• VR is going mainstream but most PCs can’t handle it (In other words, many Virtual Reality (VR) games are being readied to be launched in 2016 (“going mainstream”), but most personal computers don’t have the graphics capability to run them (“can’t handle it”).
  • I noticed a few puzzled looks when I looked around the room. (In other words, there were people in the gathering who seemed to not understand what was going on or happening in the room.)
  • Who brings live animals to a white elephant party? (“white elephant party,” in other words, a party where the major entertainment is people giving one another gifts that make people in this culture laugh. Typically those are items sold as gift items which are unusual in appearance (such as color or size or odor) or unusual in what they do (such as an electric or battery operated apple peeler).
  • “All this would be fine except for how I somehow have become her own personal Google.” (“I have become her own personal Google,” in other words, another person is coming to me, an expert, and asking me to give her answers to lots and lots of factual questions.)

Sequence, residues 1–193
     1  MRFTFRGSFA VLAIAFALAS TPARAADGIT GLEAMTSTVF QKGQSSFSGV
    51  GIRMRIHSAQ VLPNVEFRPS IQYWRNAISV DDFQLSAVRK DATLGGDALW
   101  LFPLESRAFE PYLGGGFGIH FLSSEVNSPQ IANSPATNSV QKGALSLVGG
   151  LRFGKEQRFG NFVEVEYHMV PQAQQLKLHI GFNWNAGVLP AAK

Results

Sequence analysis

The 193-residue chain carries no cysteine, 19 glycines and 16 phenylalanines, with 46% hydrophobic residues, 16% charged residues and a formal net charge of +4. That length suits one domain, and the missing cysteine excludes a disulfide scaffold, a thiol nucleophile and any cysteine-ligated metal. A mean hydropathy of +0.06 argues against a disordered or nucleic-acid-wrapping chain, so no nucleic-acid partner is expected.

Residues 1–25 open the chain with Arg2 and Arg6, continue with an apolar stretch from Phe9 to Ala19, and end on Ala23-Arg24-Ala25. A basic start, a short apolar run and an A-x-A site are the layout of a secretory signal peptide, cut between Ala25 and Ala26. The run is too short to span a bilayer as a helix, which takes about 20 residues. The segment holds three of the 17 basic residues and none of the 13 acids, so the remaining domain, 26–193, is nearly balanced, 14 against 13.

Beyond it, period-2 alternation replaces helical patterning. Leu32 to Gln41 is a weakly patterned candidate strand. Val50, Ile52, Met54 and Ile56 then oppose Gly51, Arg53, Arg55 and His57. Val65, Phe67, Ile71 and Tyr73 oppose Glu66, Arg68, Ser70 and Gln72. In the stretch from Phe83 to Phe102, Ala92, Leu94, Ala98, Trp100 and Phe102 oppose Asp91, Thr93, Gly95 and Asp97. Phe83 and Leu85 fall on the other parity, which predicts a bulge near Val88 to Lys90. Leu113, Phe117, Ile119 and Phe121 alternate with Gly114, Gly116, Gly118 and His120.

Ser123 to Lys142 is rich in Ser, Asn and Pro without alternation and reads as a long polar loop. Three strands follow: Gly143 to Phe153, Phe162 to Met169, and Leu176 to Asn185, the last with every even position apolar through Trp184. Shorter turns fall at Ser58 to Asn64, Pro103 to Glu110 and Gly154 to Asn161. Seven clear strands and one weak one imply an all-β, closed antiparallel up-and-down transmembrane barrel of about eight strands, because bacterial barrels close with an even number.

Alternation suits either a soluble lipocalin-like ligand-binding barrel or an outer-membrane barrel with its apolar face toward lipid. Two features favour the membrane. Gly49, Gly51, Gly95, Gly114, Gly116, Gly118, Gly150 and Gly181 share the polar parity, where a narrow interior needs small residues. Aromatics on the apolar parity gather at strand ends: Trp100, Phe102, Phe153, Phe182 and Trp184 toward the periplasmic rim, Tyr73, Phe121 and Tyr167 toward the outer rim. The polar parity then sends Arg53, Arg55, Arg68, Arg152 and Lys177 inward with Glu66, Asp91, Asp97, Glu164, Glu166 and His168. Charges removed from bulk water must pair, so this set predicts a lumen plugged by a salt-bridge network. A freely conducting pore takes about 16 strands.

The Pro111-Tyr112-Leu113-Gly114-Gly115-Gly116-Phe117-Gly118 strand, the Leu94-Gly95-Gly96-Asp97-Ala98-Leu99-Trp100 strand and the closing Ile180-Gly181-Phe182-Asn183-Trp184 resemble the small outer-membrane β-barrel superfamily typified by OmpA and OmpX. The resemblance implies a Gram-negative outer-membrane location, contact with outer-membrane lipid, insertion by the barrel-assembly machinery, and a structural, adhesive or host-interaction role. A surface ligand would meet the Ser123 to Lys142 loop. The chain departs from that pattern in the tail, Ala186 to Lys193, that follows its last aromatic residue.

• … she’s using too much of my good nature (In other words, another person is asking me to do too much for her.  I like to do kind favors, but she is asking for too many favors.)

Be sure to watch our English Speech Tips videos and Accent Reduction Tip videos  for more English pronunciation and accent reduction exercise.

Check out our new advanced weekly speech tip program, our new subscription called ClearTalk Weekly, www.subscription.cleartalkmastery.com

 

 

Rerun from Jan 20, 2016

What to do With the Energy and Adrenaline When Presenting

What to do With the Energy and Adrenaline When Presenting

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Energy is awesome during a presentation. Use that energy by:

  • Gesturing for emphasis
  • Gesture for excitement

 

 

 

 

 

Rerun from Feb 8, 2016

English Speaking Skills: For Sure Current Colloquial Phrases

English Speaking Skills:  For Sure Current Colloquial Phrases